Russell Hobbs
Russell Hobbs

Though cheap and cheerful, the Russell Hobbs Inspire filter coffee machine isn’t without innovation. A Whirl Tech showerhead spins above the coffee grounds, working to extract flavour from every last morsel. The end result is a robust, moreish pot of coffee that’s big enough to share.

The pause and pour function means that impatient types can grab a cup while it’s still brewing and the hot plate keeps the coffee warm for 40 minutes. Functionally, it works very similarly to the more expensive machines, so the price difference more or less boils down to aesthetics.

£42 | AO

Cafetieres

Le Creuset Stoneware Coffee Press, 1L

Le Creuset
Le Creuset

As you would expect from a brand as renowned as Le Creuset, the stoneware coffee press just sings with quality the second you take it out of the box. The finish is gleaming and the colour range is the perfect way to inject a bit of colour into your kitchen, from the signature volcanic orange to sunshine yellow or a swanky shade of teal, there’s a colour to match every kitchen.

The Le Creuset Coffee Press is more than just a pretty face, though; it brews a bold, smooth cup of coffee and the enamel-clad stoneware keeps the drink warm for a good amount of time. It is a little heavy to hold when full, so it’s not one for those with delicate wrists.

£57 | Amazon

VonShef French Press

VonShef
VonShef

This beautiful, tall cafetiere from VonShef is striking in its elegance, looking like something Jay Gatsby himself might have poured from if he wasn’t occupied not enjoying his own parties.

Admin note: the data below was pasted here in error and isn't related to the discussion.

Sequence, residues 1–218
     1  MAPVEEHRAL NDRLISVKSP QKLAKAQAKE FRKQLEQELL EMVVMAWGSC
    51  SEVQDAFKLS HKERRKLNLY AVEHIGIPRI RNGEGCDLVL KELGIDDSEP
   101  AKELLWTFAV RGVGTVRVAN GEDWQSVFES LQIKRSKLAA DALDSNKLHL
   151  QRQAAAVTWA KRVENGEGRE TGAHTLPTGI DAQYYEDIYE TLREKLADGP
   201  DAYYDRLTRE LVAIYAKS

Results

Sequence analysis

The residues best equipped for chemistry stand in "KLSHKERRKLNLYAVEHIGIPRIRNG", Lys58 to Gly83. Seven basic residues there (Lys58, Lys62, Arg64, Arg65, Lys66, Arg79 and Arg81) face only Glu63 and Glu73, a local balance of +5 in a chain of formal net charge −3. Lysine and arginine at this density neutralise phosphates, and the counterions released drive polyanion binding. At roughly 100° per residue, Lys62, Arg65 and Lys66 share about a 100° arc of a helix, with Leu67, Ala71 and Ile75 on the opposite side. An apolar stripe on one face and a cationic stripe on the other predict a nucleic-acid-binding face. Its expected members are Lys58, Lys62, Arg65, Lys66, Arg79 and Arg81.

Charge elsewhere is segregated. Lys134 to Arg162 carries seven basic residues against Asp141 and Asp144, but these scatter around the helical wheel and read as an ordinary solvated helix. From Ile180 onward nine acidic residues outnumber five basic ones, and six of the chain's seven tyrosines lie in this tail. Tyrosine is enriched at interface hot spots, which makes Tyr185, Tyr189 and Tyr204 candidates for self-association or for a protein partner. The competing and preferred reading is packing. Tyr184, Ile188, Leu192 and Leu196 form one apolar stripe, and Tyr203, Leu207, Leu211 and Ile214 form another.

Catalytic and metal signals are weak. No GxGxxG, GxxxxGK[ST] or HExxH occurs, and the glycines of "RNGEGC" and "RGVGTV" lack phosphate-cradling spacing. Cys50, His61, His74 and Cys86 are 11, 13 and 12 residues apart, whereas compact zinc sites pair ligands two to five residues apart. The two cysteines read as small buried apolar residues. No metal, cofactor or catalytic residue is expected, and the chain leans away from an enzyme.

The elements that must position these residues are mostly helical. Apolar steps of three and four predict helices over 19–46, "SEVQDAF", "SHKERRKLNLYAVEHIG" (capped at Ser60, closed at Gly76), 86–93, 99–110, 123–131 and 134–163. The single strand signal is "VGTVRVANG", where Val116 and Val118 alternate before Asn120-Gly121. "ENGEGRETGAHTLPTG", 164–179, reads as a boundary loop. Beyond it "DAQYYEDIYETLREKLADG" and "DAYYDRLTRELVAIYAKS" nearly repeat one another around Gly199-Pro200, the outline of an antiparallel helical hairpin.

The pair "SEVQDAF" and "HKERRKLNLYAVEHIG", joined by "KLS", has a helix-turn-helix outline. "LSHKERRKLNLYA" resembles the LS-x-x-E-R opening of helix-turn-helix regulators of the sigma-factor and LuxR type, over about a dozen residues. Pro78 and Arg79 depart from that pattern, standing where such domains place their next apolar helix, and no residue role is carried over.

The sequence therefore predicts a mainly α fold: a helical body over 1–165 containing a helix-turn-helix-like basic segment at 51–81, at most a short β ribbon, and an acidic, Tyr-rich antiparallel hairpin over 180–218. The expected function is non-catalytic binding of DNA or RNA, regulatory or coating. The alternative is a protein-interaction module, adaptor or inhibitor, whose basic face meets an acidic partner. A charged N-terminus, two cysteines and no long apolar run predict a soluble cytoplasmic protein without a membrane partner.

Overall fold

Clad in gold chrome and made from heat resistant borosilicate glass, the 1.5litre jug holds plenty enough coffee to see you through brunch.

This is a real bargain, but the low price has no bearings on its quality – the cafetiere is sturdy, durable and beautifully packaged, so it makes a great gift.

£18.99 | Amazon

Eva Solo Thermo Cafetiere

Eva Solo
Eva Solo

The Scandinavian touch means that the Eva Solo Thermo Cafetiere is as stylish as it is functional. With a stainless-steel body and an ergonomically designed oak handle, it well and truly looks the part.

The coffee comes out clean, smooth and piping hot even an hour after it the jug is first filled. In fact, it’s still warm enough to drink without taking a little spin in the microwave over two hours later. There’s no mess or drips when pouring due to the shape of the spout, and while £100 might seem a little steep for such an everyday item, the solid construction means this is likely to see you through a good few decades.

£100 | John Lewis

Verdict:

We’ve got two machines fighting it out for the top spot, but the De’Longhi Primadonna Soul probably takes the crown. It really does do it all for you, resulting in an utterly perfect drink for those with a frothy coffee addiction. Like we said, the price tag is pretty commanding, but it’s the closest we came to creating a drink at home that tasted like a professional made it.

The KitchenAid Drip Filter Machine gets a special commendation, though; it’s stylish, affordable and incredibly easy to use, making a really lovely jug of wake-up juice to get you through the day. And you probably won’t have to sell your soul to afford it.